“They said he should be a little model,” she said. I was so proud of how he looked. In fact, when Frankie was admitted for his first surgery in June 2016, Ciannello knew they would miss his distinctive lip and wide smile. The family grew accustomed to the cleft lip; it was an important part of Frankie’s journey. Instead of shielding her son from the world, Ciannello decided to share Frankie’s story on social media in hopes of offering comfort and guidance for families processing the diagnosis of prenatal cleft lip or palate. She posted photos of Frankie before and after his surgery and provided updates on his surgeries on a Facebook page. The outpouring of support was overwhelming. People called her and told her how they have loved following Frankie’s story and how it brings them to tears to see the photos and read about him.

“I just treated him like a normal baby,” Ciannello said. “I always wanted him to know I wasn’t embarrassed by him. I am so proud of him.”

Ciannello now consults with parents who come to Liau with a prenatal cleft lip or palate diagnosis. She guides them through some of the complications related to the baby’s care, such as where to access special bottles for cleft babies and how to make adjustments for breastfeeding or what to expect after each surgery. Most importantly, she wants parents to feel confident and excited about the birth of a beautiful baby that might not conform to societal standards. She and Liau are working together to create a network of cleft care families to support one another in the local community and reduce the stigma of cleft palates.

“I see a baby with a cleft, and I have this instant love for them,” Ciannello said. I have such a soft spot for these babies. They are so strong and have to go through so much at a young age.”

Recently, Ciannello saw a couple with a baby who had a cleft lip out in the community. She approached the couple to admire their baby, telling them their baby was very cute.

“They had so many questions for me.  I remember the mother saying, ‘I think God sent you to us.’ It is an emotional thing, but I know what they are going through.”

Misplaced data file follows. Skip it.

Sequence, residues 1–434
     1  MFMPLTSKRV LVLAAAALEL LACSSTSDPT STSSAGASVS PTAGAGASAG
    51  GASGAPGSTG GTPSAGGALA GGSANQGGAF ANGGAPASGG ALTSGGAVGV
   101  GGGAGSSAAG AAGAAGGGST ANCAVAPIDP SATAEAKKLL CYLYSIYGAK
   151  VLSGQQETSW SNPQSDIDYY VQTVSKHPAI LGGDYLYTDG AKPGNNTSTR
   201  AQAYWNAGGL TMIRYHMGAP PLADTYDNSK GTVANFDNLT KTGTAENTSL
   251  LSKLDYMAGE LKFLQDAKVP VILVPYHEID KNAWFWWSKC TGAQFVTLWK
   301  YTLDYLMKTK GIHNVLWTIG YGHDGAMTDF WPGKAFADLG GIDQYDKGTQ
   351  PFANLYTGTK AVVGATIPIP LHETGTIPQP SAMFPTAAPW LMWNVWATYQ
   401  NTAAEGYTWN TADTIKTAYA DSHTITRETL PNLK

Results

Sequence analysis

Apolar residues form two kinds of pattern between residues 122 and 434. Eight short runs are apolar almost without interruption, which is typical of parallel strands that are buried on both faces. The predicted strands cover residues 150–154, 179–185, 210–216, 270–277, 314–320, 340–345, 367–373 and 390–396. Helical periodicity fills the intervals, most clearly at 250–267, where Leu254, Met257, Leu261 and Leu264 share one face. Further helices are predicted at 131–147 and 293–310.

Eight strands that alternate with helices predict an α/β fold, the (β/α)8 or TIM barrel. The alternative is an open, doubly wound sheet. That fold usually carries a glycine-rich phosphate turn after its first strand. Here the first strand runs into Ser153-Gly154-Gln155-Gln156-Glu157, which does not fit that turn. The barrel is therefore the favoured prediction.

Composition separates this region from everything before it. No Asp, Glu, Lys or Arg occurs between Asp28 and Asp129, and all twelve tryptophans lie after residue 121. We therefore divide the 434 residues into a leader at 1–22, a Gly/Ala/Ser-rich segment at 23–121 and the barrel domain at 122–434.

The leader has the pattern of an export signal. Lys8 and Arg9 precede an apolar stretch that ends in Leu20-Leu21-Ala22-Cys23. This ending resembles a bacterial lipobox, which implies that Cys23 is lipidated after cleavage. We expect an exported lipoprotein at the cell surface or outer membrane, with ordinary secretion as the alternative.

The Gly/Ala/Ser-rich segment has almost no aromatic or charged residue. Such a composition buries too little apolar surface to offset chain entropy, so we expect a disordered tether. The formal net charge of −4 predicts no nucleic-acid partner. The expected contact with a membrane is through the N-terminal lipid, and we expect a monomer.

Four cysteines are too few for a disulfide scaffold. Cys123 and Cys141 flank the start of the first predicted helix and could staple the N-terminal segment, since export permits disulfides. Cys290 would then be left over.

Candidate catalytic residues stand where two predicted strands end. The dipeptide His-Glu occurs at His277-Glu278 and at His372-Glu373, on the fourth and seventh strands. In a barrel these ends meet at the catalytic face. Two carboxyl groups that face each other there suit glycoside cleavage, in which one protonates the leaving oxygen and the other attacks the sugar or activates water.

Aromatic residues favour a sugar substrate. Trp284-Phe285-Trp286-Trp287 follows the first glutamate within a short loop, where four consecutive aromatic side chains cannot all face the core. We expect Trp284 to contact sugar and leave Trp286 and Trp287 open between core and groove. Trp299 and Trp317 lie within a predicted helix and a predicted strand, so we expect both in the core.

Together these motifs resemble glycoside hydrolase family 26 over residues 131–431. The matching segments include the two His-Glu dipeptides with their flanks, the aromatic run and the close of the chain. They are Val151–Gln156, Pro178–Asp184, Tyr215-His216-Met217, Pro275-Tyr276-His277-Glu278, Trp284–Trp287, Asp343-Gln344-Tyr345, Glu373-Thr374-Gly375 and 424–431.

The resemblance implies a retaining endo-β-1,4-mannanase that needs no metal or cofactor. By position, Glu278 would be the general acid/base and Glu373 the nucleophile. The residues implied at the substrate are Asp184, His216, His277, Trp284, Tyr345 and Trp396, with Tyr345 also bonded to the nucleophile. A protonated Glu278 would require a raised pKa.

In addition to supporting local families, the Ciannellos organized “Frankie’s Fund” to support Liau’s mission work abroad. Using his vacation time, Liau takes two mission trips a year to Ecuador and Guatemala to repair cleft palates and lips in third-world communities lacking medical resources. In September, Liau travels to Ecuador to volunteer as a surgeon for the Global Smiles medical mission. During these 10-day visits, hundreds of parents line up with children for evaluation, and surgeons accept about 40 of the most drastic cases for surgical repair. In the winter, Liau volunteers on a Children of the Americas mission trip, performing four to five surgeries a day on children in need of corrective surgery. Each trip, with the medical costs for the surgeries, adds up to about $75,000.

While a cleft diagnosis isn’t necessarily life threatening to a person in the United States, if left untreated the conditions can lead to life-long impediments for people in third-world countries. The stigma is more severe for someone living in Central America, and individuals with cleft palates are ostracized for the condition. They also can cause speech defects, have eating issues and severe infections can lead to deafness. Liau believes he has an obligation to take his surgical skills to pockets of the world where surgical care is not easily accessible to children.

“We offer a lot of services to Kentucky, but in the same regard we have the ability to take it further to these other countries where they have no option,” Liau said. “There is no safety net for them.”

The Ciannellos are grateful for the care they receive from Liau, who has become more than their son’s surgeon, but a friend and outreach partner. “We can’t stress enough that not only is Dr. Liau an amazing surgeon, but he is also a wonderful person. He has such a kind and gentle way with children, and he always knows how to calm us nervous parents down during the entire process.”  Anna Ciannello didn’t want to lose the image of how her baby looked with his cleft lip, so she has lots of photos as reminders. Another reminder is the subtle scar on Frankie’s upper lip, an edgy trademark that sets him apart from other toddlers.

“I always tell my husband, ‘Don’t you love how he’s a little different?’” Anna Ciannello said of the scar.

Last year, Frankie’s Fund raise more than $15,000 to support Liau’s work in Ecuador.  To give to Frankie’s Fund, visit https://www.classy.org/fundraise?fcid=896091.